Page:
These times weren’t without their challenges, of course. There was the divorce from Mia Farrow, and while filming Robin and the Seven Hoods Frank’s son was kidnapped. While Frank was on a payphone with the kidnappers, he almost ran out of change and feared that his son would be killed. His son was successfully saved, but from then on Frank always carried a role of dimes with him. There was also the assassination of President John F. Kennedy during this time, and it was devastating for Frank as well as for the entire country. However, the thing that has hit me over and over again about Frank is the way he was able to deal with challenges. Just because he was Frank Sinatra does not mean that he didn’t face many difficulties. The thing about him though, was he knew how to pick himself back up. Because at the end of the day he did have the world on a string. He was, after all, Frank Sinatra.

Pocket Full Of Miracles

10 days! 10 days! 10 days! Yes, there are only 10 days left until Frank Sinatra Day! For me, this countdown has been extremely fun so far, telling you the (condensed) story of Frank’s life. Last night we visited a serious time in Frank’s life, and delved a little deeper into the controversy. Tonight we’ll be visiting the comeback in all of it’s glory.

Frank backstage right after he won Best Supporting Actor for his role as Angelo Maggio in the 1953 film of the year From Here to Eternity.
Frank backstage right after he won Best Supporting Actor for his role as Angelo Maggio in the 1953 film of the year From Here to Eternity.

Well, it happened with Frank’s role as Angelo Maggio in From Here to Eternity, Frank won an Academy Award of Best Supporting Actor for this role and with that his career shot forward once again. He was making movies again, he was recording again. In fact, the string of records he made after his comeback were more successful than any of the previous ones had been. This was huge, of course, because one of the main reasons that Frank’s career had declined in the first place was due to a vocal cord hemorrhage. In 1951, right before the drop of his career, his vocal cords hemorrhaged on stage and from there he carried great doubt that he would ever be able to sing again. Well, not only could he still sing, but many argued that his voice sounded better.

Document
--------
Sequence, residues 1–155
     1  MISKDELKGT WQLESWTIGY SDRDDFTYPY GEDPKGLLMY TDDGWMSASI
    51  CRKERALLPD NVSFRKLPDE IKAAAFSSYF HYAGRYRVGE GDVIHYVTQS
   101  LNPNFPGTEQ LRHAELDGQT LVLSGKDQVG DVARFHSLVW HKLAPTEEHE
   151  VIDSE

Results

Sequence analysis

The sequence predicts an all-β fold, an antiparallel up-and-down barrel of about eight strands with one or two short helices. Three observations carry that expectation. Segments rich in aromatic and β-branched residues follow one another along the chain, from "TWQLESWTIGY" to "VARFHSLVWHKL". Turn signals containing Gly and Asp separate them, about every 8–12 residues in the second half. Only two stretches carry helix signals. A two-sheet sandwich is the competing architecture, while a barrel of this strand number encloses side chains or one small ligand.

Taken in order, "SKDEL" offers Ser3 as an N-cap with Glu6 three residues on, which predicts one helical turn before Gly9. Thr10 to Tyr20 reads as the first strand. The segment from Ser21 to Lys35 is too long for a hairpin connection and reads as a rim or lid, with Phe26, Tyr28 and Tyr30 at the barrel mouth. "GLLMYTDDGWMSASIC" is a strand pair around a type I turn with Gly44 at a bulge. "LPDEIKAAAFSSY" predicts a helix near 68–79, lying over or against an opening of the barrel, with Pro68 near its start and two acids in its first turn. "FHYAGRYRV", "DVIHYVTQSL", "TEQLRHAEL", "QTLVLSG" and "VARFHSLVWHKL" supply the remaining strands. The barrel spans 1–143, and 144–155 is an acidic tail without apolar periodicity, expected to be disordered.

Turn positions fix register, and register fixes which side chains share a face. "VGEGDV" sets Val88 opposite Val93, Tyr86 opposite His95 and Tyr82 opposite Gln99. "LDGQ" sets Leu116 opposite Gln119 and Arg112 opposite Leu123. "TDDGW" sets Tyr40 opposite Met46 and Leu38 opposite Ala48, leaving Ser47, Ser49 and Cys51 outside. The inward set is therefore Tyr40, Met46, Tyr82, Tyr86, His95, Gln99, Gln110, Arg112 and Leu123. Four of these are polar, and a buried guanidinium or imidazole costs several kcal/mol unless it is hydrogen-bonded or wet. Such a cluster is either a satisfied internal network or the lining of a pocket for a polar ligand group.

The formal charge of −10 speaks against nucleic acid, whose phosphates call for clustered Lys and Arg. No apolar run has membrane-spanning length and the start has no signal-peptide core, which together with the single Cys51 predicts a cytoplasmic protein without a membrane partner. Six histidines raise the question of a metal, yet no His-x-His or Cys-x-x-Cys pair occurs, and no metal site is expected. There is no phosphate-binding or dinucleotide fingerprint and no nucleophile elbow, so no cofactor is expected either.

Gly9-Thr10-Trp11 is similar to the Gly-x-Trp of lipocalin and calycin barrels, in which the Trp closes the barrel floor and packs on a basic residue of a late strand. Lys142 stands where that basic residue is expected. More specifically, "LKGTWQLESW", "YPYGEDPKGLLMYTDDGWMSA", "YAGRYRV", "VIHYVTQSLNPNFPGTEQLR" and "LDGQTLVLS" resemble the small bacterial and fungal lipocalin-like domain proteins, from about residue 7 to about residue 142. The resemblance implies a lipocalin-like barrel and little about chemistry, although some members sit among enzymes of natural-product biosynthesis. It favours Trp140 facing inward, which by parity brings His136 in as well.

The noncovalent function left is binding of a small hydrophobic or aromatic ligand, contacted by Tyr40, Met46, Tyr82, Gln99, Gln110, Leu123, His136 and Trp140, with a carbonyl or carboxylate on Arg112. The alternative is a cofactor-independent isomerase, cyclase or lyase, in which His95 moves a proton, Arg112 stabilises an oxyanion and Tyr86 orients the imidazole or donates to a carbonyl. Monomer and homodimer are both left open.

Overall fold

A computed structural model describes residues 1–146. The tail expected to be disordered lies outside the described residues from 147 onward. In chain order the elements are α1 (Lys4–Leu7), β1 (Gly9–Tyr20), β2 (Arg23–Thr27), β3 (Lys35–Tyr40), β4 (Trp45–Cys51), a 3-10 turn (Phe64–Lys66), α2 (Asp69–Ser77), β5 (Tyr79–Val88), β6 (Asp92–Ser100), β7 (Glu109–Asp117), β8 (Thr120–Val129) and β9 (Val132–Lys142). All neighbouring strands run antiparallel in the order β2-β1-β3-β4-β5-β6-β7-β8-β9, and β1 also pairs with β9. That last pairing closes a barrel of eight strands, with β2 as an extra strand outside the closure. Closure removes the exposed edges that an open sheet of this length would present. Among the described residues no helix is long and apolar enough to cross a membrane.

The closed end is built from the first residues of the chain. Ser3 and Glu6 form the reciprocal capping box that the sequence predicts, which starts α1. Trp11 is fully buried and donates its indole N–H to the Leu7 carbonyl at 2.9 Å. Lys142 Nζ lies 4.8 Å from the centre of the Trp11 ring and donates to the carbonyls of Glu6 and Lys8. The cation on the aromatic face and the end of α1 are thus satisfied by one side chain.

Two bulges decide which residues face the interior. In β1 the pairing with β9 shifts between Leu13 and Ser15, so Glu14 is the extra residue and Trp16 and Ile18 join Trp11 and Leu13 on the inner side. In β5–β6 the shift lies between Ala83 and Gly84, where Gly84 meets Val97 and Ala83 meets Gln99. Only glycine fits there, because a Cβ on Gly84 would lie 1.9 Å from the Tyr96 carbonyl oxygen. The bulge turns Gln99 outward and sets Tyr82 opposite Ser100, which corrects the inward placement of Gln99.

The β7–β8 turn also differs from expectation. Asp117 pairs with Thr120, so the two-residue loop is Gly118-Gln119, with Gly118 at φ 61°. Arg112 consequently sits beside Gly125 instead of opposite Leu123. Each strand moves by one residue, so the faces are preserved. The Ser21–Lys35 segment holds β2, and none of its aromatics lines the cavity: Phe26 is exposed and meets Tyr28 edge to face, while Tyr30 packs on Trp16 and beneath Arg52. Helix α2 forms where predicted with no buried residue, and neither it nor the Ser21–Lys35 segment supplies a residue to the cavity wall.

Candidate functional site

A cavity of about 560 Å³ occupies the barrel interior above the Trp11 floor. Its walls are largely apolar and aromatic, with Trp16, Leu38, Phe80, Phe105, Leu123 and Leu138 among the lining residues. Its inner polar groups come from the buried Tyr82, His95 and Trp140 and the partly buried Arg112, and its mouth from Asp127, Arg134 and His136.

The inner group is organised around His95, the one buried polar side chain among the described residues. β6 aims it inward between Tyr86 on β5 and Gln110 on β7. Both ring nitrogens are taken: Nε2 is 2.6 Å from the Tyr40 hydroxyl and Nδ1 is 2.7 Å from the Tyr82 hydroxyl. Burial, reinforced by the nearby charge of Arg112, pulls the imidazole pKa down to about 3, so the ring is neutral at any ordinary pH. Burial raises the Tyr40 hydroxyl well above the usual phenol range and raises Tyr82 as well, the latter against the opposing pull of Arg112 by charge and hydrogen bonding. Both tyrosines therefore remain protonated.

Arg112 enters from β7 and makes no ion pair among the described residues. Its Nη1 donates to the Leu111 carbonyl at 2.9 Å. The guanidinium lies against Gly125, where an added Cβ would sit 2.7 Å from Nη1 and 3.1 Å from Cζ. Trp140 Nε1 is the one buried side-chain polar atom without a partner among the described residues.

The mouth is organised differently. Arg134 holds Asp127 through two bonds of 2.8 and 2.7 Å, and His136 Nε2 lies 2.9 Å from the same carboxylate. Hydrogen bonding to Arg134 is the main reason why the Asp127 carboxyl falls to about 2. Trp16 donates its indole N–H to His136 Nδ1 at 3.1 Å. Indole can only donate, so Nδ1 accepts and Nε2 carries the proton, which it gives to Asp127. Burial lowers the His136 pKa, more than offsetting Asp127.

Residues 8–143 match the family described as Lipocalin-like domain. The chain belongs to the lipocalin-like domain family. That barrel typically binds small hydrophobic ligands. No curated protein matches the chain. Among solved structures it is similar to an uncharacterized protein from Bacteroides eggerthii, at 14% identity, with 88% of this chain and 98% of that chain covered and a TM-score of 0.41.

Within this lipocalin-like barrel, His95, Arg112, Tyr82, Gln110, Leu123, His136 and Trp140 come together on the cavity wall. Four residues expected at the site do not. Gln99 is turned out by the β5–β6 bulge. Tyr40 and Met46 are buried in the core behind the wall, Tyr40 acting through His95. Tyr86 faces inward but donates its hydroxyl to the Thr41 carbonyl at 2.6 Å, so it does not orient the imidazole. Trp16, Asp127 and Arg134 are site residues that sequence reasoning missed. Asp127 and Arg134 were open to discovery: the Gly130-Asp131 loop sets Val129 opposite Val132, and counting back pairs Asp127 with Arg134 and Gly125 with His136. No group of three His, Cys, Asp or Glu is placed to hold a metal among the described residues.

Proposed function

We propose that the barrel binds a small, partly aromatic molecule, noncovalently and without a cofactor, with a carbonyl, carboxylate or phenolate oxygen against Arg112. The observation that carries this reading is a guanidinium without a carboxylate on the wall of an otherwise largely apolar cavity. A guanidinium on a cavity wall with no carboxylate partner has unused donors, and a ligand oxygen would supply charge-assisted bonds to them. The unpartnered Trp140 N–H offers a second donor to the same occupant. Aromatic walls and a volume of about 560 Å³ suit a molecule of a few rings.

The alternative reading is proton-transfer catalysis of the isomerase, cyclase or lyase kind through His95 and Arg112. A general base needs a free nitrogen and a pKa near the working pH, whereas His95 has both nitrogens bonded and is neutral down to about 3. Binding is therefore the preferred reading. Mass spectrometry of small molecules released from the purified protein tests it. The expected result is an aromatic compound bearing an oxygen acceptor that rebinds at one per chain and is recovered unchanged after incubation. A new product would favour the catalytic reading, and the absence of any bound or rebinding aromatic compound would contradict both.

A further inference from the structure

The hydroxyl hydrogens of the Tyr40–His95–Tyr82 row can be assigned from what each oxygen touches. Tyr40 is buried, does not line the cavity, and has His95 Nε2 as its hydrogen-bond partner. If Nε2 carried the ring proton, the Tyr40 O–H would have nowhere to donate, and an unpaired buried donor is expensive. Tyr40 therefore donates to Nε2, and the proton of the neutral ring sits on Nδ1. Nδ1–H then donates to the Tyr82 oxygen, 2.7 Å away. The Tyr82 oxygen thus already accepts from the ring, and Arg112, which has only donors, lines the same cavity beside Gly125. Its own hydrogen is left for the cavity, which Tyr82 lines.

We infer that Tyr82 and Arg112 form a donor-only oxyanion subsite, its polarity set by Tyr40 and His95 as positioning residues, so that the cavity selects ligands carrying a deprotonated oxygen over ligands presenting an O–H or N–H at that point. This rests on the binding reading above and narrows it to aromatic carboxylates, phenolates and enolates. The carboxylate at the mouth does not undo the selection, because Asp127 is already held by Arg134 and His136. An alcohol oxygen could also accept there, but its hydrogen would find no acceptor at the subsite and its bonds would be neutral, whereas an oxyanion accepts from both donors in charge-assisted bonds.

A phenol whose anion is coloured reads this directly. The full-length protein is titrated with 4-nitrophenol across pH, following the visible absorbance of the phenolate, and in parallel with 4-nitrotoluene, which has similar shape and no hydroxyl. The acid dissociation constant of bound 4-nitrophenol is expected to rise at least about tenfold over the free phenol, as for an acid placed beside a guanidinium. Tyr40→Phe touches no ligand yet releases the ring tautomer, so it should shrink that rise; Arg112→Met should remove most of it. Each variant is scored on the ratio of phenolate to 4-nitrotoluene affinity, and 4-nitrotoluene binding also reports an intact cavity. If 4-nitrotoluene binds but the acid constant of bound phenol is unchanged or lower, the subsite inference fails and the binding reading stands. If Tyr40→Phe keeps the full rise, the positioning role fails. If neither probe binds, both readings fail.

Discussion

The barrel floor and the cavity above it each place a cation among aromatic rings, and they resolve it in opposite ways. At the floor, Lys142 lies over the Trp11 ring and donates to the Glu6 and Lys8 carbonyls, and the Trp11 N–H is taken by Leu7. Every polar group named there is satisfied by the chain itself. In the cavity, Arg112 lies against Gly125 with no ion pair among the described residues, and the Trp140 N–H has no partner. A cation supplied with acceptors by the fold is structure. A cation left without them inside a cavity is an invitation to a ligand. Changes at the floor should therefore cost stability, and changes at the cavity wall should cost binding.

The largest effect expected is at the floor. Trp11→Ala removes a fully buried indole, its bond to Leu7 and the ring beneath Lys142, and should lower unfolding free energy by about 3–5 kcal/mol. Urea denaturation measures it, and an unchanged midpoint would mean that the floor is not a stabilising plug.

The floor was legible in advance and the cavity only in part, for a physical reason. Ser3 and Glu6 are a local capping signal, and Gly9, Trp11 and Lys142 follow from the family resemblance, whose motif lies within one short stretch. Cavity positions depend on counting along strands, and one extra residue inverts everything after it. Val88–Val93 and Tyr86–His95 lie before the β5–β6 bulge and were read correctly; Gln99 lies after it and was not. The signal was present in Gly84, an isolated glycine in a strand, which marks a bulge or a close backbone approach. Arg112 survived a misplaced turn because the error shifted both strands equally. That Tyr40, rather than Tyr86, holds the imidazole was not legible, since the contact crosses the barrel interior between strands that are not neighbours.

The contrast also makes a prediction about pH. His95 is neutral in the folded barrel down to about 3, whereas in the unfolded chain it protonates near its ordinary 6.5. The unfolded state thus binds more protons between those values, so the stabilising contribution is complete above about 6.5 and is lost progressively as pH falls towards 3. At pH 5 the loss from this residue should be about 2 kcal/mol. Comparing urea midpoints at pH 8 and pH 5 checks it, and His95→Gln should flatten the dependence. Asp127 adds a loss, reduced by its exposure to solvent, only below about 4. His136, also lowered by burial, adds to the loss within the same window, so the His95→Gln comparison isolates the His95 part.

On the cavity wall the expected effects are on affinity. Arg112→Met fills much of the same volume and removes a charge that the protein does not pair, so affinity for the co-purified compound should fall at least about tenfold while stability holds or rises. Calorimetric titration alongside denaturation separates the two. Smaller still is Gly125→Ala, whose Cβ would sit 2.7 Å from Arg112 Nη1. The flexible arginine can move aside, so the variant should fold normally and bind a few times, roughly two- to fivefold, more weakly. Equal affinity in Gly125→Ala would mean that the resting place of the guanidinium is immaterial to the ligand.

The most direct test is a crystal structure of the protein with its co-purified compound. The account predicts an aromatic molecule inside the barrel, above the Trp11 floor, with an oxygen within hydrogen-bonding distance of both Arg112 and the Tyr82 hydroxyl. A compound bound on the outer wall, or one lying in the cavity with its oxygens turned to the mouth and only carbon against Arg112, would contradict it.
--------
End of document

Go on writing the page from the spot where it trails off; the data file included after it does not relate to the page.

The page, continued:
Frank was back! And even more successful than before it seemed. At the point when his career shot back to the top, Frank and Ava Gardner were still married but having major problems with their marriage. With his divorce from Ava Gardner in 1957, he began one of the longest bachelor periods of his life. All may have not been perfectly rose colored, but there were wonderful things happening to Frank. The 1950’s as a whole were very good to him career wise, and he had endless amounts of success both in the studio and on the big screen.

Frank in the 1958 film Some Came Running, a drama which exposed the controversy of 1950's America.
Frank in the 1958 film Some Came Running, a drama which exposed the controversy of 1950’s America.